“Knowledge of local markets should not reside only in local markets. Institutionalizing knowledge is critical in light of the high attrition of local talent in Asia.” –Head of Asia, Food & Beverage Company
Last week, I shared the first post in a small series on key takeaways from the recent Executive Breakfast hosted by Frontier Strategy Group in Singapore. I had the opportunity to join nine senior APAC executives for a robust discussion on managing the strategic planning process despite the volatility and distance from HQ that characterize doing business in emerging markets.
One of the most important capabilities for multinational companies to possess is an effective and efficient process for capturing the insights and wisdom of front-line managers when formulating strategic plans. In Asia, the fact that highly capable local managers are so difficult to retain for more than a few years before they leave for a big pay increase being offered by a competitive firm, or that many managers have relatively little multinational work experience, adds an extra layer of complexity to an already thorny challenge.
Furthermore, we discussed the fact that constantly churning local teams may lack a sense of ownership of plans developed by predecessors. And, that when employees expect to have short tenure with the organization, it can be hard to incentivize them to invest in developing and implementing long-term plans that may not maximize short-term personal benefits.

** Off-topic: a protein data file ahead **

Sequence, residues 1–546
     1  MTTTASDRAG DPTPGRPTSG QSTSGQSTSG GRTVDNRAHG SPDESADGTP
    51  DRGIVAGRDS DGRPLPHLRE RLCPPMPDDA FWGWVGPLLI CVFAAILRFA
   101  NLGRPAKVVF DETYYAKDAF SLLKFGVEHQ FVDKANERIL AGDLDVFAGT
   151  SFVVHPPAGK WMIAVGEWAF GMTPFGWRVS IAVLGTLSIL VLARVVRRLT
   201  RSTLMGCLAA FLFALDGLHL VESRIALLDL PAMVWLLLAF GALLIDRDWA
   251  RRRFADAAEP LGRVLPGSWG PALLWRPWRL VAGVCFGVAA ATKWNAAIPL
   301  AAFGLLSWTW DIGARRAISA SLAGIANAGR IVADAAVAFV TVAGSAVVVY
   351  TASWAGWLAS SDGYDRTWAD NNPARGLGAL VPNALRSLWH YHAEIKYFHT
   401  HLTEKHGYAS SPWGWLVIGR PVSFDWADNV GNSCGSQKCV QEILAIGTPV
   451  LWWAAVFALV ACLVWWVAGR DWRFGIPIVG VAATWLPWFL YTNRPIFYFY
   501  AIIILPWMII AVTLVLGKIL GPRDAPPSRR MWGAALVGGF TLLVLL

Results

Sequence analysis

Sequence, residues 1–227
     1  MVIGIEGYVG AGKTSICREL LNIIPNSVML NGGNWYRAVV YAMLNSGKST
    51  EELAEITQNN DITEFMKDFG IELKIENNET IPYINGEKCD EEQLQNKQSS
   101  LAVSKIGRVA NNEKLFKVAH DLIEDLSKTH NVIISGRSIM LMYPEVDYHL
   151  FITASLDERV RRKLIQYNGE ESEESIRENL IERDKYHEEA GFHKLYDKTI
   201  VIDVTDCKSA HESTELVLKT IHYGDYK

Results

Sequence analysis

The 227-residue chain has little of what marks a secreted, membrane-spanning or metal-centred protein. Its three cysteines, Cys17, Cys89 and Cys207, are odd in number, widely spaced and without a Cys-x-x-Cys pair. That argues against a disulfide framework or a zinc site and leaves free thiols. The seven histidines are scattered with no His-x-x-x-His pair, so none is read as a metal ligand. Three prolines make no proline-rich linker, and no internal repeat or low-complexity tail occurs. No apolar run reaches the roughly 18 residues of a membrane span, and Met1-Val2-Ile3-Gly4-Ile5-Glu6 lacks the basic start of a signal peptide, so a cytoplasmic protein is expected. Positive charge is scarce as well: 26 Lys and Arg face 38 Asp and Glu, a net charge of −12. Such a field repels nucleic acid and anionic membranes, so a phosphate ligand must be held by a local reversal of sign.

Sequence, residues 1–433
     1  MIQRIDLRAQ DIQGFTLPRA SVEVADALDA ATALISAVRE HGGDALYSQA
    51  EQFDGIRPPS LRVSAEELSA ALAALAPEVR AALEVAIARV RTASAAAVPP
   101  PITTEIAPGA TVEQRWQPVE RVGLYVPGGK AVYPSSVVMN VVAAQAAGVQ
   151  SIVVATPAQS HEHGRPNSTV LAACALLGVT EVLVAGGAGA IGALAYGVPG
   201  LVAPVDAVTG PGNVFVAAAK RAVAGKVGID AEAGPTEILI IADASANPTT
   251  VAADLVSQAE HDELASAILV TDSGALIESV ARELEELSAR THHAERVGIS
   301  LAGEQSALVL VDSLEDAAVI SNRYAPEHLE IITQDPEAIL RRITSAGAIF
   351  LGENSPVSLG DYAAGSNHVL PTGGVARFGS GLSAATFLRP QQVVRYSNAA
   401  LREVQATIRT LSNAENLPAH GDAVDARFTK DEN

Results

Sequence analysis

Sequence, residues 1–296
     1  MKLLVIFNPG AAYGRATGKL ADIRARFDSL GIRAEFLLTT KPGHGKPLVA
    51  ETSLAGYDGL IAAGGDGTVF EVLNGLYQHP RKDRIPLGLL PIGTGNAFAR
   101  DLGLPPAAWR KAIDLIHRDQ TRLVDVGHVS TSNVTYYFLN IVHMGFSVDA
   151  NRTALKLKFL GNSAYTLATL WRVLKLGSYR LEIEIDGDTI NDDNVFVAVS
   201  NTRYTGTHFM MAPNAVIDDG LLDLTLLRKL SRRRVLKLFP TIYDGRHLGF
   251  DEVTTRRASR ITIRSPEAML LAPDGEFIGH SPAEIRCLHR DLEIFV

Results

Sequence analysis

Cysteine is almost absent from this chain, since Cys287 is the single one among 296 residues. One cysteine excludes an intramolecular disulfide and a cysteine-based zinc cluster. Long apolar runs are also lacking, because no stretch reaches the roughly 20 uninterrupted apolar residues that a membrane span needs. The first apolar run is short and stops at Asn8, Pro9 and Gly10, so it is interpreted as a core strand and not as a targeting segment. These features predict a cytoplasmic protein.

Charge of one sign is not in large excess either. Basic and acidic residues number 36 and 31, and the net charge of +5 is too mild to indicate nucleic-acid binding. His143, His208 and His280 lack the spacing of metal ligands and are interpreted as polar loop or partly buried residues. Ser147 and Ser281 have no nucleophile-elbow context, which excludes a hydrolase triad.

A leading packaged food company in attendance of our discussion has responded by attempting to institutionalize local market knowledge at the regional and corporate headquarters (where employee tenure tends to be longer and strategic capabilities tend to be more consistent) by developing a strategic planning Center of Excellence within each business unit to own the process of long-term planning, and gives local teams ownership (and accountability for) short-term planning and execution.
Another executive, from the fashion/retail space, chimed in to mention that his company has used a similar Center of Excellence strategy, with the added tactic of segmenting focus by channel as well as business unit. Some of the executives in attendance questioned the obvious drawback of not involving local teams directly in long-term planning, but acknowledged that this approach may be a realistic compromise in markets suffering from particularly high attrition.
An executive from the medical devices industry has shrunk the planning horizon for country teams to just two months; longer-term planning is done at the regional level. In his view, the key to executing in this type of bifurcated planning environment is a highly structured discipline of communication between regional and country teams, and strict accountability to meeting mutually agreed upon strategic milestones.
Another important consideration when it comes to managing the human element of planning is of course incentives. I’ll touch on some of the highlights of our discussion on that front in my next post.